On February 22nd of last year, teachers across West Virginia walked out of their classrooms and onto the picket-line. Nine days later they were back in school, victorious, with a 5% pay raise. Their success prompted teachers in other states to do the same. Teachers’ strikes followed in Oklahoma, Arizona, North Carolina, and Colorado. In January, teachers in Los Angeles ended a strike after a week. If no deal is reached by Thursday (Feb. 21), teachers in Oakland will walk out of their schools.
On Monday, February 18th, West Virginia teachers went on strike again, barely less than a year after their previous strike. After less than a
day the state legislature there dropped the bill expanding charter schools and private school vouchers the teachers and their supporters were protesting.
So why all the strikes? The simplest answer might be pay. Following the 2008 financial crisis and the recession that followed, school budgets were slashed and teachers’ pay remained stagnant while the cost of living rose and the economy recovered. West Virginia had the lowest teacher pay in the nation.
But for many, the wave of strikes signifies more than just a typical labor dispute within one industry. For many of the teachers and their supporters, these strikes were about the future of public education and our priorities as a society. The Los Angeles teachers union (United Teachers Los Angeles) included in their demands a moratorium on the expansion of charter schools, publicly funded but privately run schools. Additionally, supplementary school service roles like nurses and counselors have been significantly cut back. Los Angeles teachers' demands required a restoration of these positions. In Colorado and Virginia, striking teachers made demands for more infrastructure spending.
For many teachers, there is more at stake than just a paycheck. The defunding of public schools and shift towards charters reflects a broader trend toward a society that favors the affluent, they say. Charter schools have been shown to increase economic segregation in some instances and are not subject to the same rule of accountability. Furthermore, some charter schools are able to find ways around accepting students with disabilities. Charter schools have more discretion over the students they accept and can direct parents of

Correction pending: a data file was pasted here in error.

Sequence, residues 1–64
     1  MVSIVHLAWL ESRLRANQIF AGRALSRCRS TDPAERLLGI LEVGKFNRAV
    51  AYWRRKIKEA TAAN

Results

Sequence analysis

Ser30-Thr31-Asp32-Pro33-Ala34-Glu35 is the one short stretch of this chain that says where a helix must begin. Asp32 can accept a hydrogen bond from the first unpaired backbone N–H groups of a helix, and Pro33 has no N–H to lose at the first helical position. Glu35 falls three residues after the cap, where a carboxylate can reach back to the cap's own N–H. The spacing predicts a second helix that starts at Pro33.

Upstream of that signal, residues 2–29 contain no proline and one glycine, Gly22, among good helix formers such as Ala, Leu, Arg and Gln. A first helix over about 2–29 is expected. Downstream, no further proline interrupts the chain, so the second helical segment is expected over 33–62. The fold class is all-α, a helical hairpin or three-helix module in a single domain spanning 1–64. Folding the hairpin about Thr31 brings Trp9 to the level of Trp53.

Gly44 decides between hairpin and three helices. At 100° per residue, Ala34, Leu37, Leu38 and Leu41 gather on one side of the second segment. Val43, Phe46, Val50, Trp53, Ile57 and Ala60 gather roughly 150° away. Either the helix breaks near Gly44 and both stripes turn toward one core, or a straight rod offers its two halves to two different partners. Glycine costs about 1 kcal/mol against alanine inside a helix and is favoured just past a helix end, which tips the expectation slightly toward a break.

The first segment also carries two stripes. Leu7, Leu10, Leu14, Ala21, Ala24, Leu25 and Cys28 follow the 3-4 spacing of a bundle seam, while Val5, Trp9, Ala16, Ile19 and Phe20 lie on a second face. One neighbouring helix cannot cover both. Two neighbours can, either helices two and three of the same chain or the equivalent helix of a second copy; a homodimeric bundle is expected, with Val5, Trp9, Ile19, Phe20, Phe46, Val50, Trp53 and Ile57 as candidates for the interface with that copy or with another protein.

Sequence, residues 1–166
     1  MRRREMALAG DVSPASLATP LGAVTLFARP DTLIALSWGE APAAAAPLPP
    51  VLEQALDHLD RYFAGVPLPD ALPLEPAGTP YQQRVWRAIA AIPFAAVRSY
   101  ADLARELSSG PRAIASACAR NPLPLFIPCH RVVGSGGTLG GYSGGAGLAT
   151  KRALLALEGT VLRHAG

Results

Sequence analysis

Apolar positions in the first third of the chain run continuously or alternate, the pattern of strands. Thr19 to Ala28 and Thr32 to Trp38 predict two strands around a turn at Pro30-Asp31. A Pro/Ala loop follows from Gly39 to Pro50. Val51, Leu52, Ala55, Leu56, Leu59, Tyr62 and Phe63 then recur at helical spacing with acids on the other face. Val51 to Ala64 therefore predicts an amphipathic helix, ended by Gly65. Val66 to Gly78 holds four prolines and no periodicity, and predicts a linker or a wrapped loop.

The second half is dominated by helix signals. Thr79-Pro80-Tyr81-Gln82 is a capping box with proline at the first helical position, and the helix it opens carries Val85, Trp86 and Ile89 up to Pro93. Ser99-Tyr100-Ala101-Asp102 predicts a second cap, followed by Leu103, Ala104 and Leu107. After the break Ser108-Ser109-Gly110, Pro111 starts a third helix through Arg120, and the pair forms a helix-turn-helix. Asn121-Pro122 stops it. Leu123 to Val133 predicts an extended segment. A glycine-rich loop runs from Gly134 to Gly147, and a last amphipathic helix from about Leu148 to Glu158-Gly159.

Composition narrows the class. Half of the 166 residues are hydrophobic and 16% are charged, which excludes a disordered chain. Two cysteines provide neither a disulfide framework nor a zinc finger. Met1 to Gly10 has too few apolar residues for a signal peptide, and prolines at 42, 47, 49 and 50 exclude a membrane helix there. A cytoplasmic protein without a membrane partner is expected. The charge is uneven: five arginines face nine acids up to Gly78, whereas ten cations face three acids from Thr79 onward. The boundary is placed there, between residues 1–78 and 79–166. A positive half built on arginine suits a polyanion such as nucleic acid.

students with special needs to schools that already have those programs in place. The result is that
traditional public schools serve more of the neediest students with less funding.
On the other side, critics of traditional public schools blame teachers’ unions for exerting too much control over school policy and protecting bad teachers. Charter schools’ freedom from regulation allows them to better experiment with new teaching methods, hire better teachers, and fire under-performing ones. Furthermore, state lawmakers and school administrators say that cozy retirement packages have drained school budgets, taking money away from students. Indeed, healthcare and pension costs for retired teachers make up a significant portion of school budgets. How, then, is equity and equality of education affected by these forces?
What do you think about teacher strikes? Are teachers’ unions too powerful or do they fight for an essential part of our society? How do you see the fight over education fitting into our larger cultural debates? Let us know at firstname.lastname@example.org
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